Consider the equations of motion of an object in an orbit around a central body. We use an inertial frame originating at centre of mass of the central body: $$ \frac{d\mathbf{r}}{dt} = \mathbf{V} \tag{1} $$ $$ \frac{d\mathbf{V}}{dt} = -\frac{\mu}{r^3}\mathbf{r} + \mathbf{A}_\text{ext} \tag{2} $$ where $\mathbf{r}$ is the position vector of the object, $\mathbf{V}$ is the velocity, $\mu$ is the gravitational parameter of the central body and $\mathbf{A}_\text{ext}$ are accelerations due to some other sources (example, thrust from engines, drag, etc.).

I am interested in specifying these with respect to the specific orbital energy $\epsilon$. For this, I need to know $\dfrac{d\epsilon}{dt}$

I know that $$\epsilon = \frac{V^2}{2}-\frac{\mu}{r} \tag{3}$$ So, differentiating: $$ \frac{d\epsilon}{dt} = V\dfrac{dV}{dt}+\dfrac{\mu}{r^2}\dfrac{dr}{dt} \tag{4} $$

If we multiply equation (2) with $\dfrac{d\mathbf{r}}{dt}$, we get: $$ \dfrac{d\mathbf{r}}{dt} \cdot \frac{d\mathbf{V}}{dt} = - \dfrac{d\mathbf{r}}{dt} \cdot \frac{\mu}{r^3}\mathbf{r} + \dfrac{d\mathbf{r}}{dt} \cdot \mathbf{A}_\text{ext} \tag{5} $$

Rearranging it, $$ \mathbf{V} \cdot \frac{d\mathbf{V}}{dt} + \dfrac{d\mathbf{r}}{dt} \cdot \frac{\mu}{r^3}\mathbf{r} = \mathbf{V} \cdot \mathbf{A}_\text{ext} \tag{6} $$

I am stuck here. $\epsilon$ is a scaler, and so is its derivative. However, it appears that the left hand side of the equation 6 is the vector form of equation 4.

Could you help me proceed? If I have the above, then I could formulate the equations of motion. Or, if you already know the equations of motion with respect to energy, that would be great!

Wikipedia article on specific orbital energy states that $\dfrac{d\epsilon}{dt} = \mathbf{V}\cdot \mathbf{A}_\text{ext}$ but doesnt give any reference / steps.



1 Answer 1


As a general rule (regardless of the definition of V) we have:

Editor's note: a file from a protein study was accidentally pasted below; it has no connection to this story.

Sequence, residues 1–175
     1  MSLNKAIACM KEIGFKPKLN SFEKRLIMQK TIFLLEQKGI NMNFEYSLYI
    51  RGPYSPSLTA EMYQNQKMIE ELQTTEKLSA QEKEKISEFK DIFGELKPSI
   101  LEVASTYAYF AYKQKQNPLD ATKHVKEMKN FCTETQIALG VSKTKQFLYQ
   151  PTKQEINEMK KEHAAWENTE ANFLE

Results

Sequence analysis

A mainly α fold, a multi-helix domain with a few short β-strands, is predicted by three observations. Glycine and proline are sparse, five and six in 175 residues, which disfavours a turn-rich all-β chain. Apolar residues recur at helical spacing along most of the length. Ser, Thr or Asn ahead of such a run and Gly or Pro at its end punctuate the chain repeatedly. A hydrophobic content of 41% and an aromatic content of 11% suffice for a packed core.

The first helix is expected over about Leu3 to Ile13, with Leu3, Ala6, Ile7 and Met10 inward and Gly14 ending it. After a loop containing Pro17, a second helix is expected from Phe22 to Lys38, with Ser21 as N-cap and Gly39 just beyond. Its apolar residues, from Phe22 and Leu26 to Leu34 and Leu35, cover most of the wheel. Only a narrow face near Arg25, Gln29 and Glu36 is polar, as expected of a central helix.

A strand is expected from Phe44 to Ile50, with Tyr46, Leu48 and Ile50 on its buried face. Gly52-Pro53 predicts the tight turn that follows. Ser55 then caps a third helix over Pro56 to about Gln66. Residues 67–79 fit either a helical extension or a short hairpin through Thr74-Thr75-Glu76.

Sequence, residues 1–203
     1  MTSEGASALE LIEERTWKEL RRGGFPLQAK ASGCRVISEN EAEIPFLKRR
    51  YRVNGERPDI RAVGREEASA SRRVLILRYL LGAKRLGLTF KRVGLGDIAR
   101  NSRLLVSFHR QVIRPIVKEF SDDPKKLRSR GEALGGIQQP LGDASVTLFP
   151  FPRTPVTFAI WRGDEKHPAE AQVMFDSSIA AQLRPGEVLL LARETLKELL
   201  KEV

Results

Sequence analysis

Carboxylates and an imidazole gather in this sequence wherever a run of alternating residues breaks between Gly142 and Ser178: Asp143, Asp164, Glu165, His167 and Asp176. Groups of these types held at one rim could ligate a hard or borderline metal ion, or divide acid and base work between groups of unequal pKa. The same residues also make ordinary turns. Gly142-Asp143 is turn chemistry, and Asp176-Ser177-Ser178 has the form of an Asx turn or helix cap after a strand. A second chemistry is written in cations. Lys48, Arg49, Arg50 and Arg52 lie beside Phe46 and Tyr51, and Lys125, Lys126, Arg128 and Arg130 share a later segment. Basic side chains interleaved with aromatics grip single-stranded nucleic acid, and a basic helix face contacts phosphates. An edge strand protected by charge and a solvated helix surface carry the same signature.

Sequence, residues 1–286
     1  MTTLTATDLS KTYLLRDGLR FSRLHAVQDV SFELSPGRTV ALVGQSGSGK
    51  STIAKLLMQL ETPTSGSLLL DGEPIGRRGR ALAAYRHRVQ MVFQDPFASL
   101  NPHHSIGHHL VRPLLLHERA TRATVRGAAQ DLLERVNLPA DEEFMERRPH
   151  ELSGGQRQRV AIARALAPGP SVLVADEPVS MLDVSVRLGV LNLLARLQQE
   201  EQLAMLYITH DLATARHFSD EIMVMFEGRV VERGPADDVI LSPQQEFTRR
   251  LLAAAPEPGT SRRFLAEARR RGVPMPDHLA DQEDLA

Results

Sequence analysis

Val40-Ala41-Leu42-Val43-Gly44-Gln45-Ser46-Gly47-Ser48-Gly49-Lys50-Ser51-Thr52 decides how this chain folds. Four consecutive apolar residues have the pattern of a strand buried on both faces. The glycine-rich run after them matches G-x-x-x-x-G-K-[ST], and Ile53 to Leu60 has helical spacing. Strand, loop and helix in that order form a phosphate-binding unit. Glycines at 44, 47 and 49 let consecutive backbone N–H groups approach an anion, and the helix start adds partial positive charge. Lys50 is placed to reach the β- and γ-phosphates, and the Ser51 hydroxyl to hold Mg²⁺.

$$\frac{\mathrm{d}}{\mathrm{d}t}(\bf{V}\cdot\bf{V})=\frac{\mathrm{d}\bf{V}}{\mathrm{d}t}\cdot \bf{V}+\bf{V} \cdot \frac{\mathrm{d}\bf{V}}{\mathrm{d}t}$$ $$\frac{\mathrm{d}}{\mathrm{d}t}V^2=2\left(\bf{V}\cdot \frac{\mathrm{d}\bf{V}}{\mathrm{d}t}\right)$$ $$2V\frac{\mathrm{d}V}{\mathrm{d}t}=2\left(\bf{V}\cdot \frac{\mathrm{d}\bf{V}}{\mathrm{d}t}\right)$$ $$V\frac{\mathrm{d}V}{\mathrm{d}t}=\bf{V}\cdot \frac{\mathrm{d}\bf{V}}{\mathrm{d}t}$$

Using this result, starting at equation (4):

$$ \frac{\mathrm{d}\epsilon}{\mathrm{d}t} = V\dfrac{\mathrm{d}V}{\mathrm{d}t}+\dfrac{\mu}{r^2}\dfrac{\mathrm{d}r}{\mathrm{d}t}=\mathbf{V} \cdot \frac{\mathrm{d}\mathbf{V}}{\mathrm{d}t} + \frac{\mu}{r^3}\mathbf{r}\cdot\dfrac{\mathrm{d}\mathbf{r}}{\mathrm{d}t} = \mathbf{V} \cdot \mathbf{A}_\text{ext} $$ Where the last equality comes from equation (6).

  • $\begingroup$ You could be a little more explicit to improve the answer by defining $d\mathbf{r}/dt = \mathbf{V}$ and $d\mathbf{V}/dt = \mathbf{A}_{ext}$. It would also help if you added the general definition of power (i.e., $P = \mathbf{F} \cdot \mathbf{v}$) for this type of situation. $\endgroup$ Oct 28, 2015 at 17:29
  • $\begingroup$ @honeste_vivere I have now edited the answer to give the explicit result that was asked. $\endgroup$
    – Chris
    Oct 28, 2015 at 20:02

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